Horror is about more than pairing startling noises with disturbing images, but most filmmakers and developers of experiences designated thusly don't seem to understand that. Scores of PG-13 rated heart attack simulators are released every year, bringing in legions of high-schoolers and reinforcing that ignorance. While several horror-themed video games feature excellent gameplay, interesting stories, and impeccable production values, most of them are not particularly scary. Real horror is subtle, designed to turn our most primal fears against us. It's the difference between The Blair Witch Project
. Layers of Fear
is a graduate of the Frictional Games school of horror games. It implants an idea from the outset and allows it to take root, infecting your subconscious and instilling a deep sense of unease that remains even after the credits roll.
Layers of Fear isn't the most visually stunning or stable gaming experience. Slowdown can happen at any time and for seemingly no reason. But there's also very little light; a design decision that increases tension by sticking to the old adage that what you can't see is far scarier than what you can. The setting of Layers of Fear feels not only like it's been lived in by actual people, but that it's seen unspeakable horrors, as well...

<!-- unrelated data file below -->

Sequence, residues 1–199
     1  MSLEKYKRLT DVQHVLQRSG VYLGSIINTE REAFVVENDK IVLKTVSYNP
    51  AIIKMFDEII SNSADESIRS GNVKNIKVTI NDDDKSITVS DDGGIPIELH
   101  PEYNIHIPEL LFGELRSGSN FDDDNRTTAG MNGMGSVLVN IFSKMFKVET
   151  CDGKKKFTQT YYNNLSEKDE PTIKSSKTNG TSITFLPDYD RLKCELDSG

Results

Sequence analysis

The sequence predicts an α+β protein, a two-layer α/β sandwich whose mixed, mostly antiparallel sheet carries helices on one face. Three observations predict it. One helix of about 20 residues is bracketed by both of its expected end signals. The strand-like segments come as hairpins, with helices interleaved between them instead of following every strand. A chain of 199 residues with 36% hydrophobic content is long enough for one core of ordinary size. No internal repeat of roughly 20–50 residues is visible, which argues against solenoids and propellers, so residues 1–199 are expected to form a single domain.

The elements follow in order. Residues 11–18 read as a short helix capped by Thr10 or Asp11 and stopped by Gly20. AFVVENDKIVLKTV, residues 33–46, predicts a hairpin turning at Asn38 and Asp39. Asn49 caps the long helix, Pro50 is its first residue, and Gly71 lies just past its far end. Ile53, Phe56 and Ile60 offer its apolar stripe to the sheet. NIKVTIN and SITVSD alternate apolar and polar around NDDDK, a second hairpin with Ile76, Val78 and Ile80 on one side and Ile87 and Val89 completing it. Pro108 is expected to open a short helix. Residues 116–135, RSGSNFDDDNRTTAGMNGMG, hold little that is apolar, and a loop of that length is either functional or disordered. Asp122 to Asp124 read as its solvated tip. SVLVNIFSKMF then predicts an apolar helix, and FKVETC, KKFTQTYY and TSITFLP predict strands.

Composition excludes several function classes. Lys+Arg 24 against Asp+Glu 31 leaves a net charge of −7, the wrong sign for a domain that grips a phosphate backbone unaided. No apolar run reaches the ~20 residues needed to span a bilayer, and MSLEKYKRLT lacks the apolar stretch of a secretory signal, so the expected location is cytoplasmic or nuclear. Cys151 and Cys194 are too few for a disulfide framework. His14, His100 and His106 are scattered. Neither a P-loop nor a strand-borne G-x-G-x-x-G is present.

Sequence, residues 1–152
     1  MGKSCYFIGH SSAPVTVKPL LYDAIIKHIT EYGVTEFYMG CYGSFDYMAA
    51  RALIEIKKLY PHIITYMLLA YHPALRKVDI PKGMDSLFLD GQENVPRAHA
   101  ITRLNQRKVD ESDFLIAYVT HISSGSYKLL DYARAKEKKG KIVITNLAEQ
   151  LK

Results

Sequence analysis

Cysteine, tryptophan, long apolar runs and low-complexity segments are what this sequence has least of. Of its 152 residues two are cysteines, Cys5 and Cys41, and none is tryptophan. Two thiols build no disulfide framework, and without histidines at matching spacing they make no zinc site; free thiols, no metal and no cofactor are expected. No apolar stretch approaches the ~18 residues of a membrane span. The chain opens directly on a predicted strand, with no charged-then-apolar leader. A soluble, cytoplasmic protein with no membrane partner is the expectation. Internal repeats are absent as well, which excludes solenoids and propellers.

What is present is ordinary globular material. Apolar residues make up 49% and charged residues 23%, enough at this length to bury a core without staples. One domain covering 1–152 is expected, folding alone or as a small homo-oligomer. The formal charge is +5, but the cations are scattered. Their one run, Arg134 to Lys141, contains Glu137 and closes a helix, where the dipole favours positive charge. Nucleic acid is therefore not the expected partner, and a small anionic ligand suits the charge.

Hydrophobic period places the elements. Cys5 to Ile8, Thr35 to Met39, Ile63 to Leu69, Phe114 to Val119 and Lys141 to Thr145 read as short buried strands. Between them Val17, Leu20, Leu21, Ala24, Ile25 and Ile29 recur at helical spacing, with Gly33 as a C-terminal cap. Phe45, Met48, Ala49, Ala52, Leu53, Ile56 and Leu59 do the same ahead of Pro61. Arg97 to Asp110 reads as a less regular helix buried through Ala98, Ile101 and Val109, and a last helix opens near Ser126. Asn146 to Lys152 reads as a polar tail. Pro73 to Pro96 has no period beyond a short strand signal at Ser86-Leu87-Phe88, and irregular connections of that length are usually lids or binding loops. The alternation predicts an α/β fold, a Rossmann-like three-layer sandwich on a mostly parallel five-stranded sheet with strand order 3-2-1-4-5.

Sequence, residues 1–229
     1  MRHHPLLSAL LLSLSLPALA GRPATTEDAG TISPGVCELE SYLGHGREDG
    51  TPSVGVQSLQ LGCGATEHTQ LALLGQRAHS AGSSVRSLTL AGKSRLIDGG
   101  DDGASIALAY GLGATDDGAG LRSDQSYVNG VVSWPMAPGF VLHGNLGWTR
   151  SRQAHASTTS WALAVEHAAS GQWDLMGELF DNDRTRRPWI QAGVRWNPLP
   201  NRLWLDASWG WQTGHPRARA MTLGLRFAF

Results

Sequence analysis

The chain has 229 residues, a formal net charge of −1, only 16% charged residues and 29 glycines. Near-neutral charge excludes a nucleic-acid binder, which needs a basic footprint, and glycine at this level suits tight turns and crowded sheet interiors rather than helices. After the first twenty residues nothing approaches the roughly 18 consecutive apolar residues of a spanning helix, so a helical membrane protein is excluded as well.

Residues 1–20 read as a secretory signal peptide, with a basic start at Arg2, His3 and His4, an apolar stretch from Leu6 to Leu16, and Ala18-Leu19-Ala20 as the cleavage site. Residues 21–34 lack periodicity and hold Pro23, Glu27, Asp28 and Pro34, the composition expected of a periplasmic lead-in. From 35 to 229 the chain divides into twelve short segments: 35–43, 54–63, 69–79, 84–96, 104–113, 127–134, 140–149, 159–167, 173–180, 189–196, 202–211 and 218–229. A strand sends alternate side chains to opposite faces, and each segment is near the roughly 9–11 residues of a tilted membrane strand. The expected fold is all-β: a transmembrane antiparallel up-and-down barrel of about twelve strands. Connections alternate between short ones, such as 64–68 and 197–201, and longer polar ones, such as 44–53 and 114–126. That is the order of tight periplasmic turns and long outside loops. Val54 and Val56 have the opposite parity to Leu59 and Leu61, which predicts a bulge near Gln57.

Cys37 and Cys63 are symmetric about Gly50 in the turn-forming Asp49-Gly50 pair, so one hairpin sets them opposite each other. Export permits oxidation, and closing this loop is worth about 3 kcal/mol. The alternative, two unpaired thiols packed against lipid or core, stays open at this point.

Austerity is how Layers of Fear gets its themes across, at least to your ears. Simple melodies and sound effects accompany your twisted journey and do a fine job of staying out of the way of the scares. It really helps when musical stings and loud noises are kept to a minimum in games like these; the scares are always far more effective when they are left to the mind to piece together. Thankfully, they are.